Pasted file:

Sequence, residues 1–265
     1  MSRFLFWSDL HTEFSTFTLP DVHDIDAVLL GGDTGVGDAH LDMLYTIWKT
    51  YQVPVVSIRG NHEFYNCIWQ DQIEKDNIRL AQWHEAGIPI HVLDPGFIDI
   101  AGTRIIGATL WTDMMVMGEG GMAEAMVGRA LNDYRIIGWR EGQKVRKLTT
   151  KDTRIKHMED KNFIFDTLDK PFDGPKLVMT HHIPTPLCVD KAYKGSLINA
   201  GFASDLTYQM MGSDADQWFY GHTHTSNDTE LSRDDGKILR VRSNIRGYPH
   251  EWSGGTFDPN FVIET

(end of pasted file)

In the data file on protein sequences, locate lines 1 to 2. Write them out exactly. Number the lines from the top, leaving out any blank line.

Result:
Sequence, residues 1–265
     1  MSRFLFWSDL HTEFSTFTLP DVHDIDAVLL GGDTGVGDAH LDMLYTIWKT